Testing the Chromebook


Because I’m totally into tech stuff and have VIP access to stuff on campus (just kidding about the VIP part… well, kind of), I am now a temporary owner of the newly trending Chromebook. (For the sake of clarifications, I’m using a Chromebook designed for Toshiba. Yes, the above picture is a Chromebook for Samsung. Don’t ask me, I just grabbed the first decent-looking image I could find.)


What’s a Chromebook? It’s an extremely simple laptop designed by Google that lets you do one thing: surf the Internet. You can’t install Microsoft Office (or anything, really), but not to fret: the Google Chromebook comes with Google Docs, which are basically your Microsoft Word, Microsoft PowerPoint, and Microsoft Excel wrapped in a handy online-access cloud. All you need is a Gmail account. Cloud computing was the future and is the now.

What’s the point of a laptop if you can’t download anything?

If you think about it, most people who use laptops nowadays only use them for emailing, writing documents, and watching YouTube videos. As long as you have access to the Internet, your laptop has done its job. Right? Right. Plus, my Chromebook is lighter than a Macbook Pro. Seriously, I never thought that would be possible. Forget about my bulky PC; PCs just never seem to win in the “lightest weight” category.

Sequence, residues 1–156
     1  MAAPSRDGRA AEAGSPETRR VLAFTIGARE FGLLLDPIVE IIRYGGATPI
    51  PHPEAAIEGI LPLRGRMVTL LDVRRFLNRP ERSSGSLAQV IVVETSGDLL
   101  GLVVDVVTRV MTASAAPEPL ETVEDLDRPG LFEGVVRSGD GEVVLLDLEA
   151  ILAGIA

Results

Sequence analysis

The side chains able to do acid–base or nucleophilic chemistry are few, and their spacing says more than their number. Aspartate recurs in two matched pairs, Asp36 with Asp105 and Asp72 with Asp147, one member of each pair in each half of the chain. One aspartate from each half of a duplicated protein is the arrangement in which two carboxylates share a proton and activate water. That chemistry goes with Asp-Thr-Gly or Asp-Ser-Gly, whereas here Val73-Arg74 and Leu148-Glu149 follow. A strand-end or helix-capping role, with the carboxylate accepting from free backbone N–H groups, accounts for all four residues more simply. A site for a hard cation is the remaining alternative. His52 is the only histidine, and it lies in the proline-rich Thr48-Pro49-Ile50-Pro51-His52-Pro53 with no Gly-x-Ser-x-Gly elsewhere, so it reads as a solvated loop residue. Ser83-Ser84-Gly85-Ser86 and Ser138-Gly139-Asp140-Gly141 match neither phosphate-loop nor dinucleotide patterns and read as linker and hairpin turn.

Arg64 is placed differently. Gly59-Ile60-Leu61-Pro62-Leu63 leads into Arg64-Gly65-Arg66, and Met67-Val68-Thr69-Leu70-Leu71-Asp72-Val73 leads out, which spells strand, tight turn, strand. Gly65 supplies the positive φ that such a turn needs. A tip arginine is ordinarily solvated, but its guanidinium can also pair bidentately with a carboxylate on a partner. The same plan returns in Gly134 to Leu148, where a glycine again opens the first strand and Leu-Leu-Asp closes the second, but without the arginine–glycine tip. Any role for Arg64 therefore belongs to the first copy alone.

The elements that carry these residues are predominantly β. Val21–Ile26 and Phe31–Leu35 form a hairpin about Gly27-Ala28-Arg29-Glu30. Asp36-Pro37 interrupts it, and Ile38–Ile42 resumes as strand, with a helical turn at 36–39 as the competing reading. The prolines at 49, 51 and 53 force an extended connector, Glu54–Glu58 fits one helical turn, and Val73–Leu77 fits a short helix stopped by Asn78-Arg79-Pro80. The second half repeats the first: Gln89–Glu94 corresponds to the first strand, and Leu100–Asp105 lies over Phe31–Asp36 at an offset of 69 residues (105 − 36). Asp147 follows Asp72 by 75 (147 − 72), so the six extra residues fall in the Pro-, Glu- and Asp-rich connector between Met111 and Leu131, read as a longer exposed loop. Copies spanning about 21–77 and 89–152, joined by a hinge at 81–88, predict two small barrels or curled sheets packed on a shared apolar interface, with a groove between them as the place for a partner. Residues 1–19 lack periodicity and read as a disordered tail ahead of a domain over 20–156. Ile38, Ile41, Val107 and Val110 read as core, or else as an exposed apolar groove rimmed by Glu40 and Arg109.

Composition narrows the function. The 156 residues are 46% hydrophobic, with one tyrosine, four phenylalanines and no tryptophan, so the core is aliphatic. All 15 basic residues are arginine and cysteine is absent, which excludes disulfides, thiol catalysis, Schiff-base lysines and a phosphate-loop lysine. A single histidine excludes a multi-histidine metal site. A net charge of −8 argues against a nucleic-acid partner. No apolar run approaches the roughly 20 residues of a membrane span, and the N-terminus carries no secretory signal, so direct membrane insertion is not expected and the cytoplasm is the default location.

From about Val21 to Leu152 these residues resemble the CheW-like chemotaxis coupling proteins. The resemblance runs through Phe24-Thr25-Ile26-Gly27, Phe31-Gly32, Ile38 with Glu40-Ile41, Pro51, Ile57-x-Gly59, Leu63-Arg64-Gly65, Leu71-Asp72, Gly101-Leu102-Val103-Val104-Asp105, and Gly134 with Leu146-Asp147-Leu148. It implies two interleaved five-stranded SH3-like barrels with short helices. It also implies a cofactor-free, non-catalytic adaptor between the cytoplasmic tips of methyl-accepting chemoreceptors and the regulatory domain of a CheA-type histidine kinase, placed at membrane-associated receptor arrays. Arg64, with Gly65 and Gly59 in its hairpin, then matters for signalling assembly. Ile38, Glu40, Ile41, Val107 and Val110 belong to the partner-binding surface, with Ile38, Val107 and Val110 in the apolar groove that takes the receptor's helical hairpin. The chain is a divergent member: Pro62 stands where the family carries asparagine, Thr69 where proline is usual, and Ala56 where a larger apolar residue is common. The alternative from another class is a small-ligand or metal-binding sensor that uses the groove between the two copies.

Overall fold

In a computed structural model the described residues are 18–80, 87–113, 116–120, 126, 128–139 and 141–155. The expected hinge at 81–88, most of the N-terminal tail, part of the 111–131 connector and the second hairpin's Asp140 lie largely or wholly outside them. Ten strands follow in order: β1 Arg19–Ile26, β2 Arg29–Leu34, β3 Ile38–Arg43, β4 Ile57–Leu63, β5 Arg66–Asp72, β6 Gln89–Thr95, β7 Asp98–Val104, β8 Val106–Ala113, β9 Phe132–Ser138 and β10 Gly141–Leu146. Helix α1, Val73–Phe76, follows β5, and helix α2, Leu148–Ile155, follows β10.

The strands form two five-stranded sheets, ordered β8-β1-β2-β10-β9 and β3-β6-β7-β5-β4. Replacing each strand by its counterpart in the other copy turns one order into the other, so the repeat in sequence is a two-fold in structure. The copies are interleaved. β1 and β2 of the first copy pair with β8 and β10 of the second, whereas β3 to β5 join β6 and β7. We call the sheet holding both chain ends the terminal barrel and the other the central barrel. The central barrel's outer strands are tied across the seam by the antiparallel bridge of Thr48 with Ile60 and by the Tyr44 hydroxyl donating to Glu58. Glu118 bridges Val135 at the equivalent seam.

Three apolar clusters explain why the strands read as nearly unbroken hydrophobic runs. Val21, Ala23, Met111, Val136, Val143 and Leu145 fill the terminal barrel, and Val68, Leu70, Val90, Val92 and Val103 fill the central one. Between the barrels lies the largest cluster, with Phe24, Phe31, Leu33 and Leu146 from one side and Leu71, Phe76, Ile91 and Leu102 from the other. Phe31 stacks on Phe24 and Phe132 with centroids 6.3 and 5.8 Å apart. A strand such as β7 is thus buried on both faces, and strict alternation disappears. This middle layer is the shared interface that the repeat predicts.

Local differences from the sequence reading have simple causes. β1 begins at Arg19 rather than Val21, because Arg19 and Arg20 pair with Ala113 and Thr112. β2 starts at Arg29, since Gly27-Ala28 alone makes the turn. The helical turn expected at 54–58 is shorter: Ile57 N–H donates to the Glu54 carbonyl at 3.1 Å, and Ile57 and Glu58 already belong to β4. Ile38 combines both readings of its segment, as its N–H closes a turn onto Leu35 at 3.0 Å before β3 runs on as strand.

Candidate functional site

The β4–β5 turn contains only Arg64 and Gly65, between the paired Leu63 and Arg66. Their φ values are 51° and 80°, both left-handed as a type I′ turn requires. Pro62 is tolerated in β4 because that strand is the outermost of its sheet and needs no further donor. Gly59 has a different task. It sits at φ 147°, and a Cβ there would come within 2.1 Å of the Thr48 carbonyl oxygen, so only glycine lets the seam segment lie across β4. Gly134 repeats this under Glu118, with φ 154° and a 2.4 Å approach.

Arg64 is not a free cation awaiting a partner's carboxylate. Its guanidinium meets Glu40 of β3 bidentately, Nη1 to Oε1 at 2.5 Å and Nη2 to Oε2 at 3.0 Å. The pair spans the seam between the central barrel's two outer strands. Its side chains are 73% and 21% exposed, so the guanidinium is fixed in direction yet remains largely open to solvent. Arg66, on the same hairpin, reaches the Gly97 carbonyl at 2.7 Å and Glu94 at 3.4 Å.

Who does the Chromebook target?

The Chromebook is mainly targeted at (surprise!) students and young professionals. I mean, unless you’re a computer science student and need to download Mathlab or DrJava or some coding program, you don’t really need a fancy laptop with all the background capabilities, right? You just want access to the Internet and the ability to take notes on a portable, lightweight device. (But then I ask, why not use a pen and notebook like in the olden days? The people of generations past all turned out fine without taking notes on laptops.)

Then again, not being able to download anything on the Chromebook is kind of a downside. A major downside. Because this means you can’t install the Adobe Creative Suite, or printer settings for your local office (you have to print through “cloud printing”), and a bunch more tools I can’t think off the top of my head right now. But no, really, not being able to install programs on your computer is pretty bad.


Should I get a Chromebook?

If you primarily just need a device to access the Internet, then yes. Chromebooks are relatively cheap ($200 range…same as an iPad). As for myself, I prefer to stick with my regular PC, despite its bulkiness and loud noises that it makes. (On a side note, did you know that apparently the average lifespan for a PC is 5 years? And now I’m pretty sad, because my PC is on year 4 and it has been my best friend… But then I think about why they last so short in the first place: probably because the companies want us to purchase newer laptops. Figures.)











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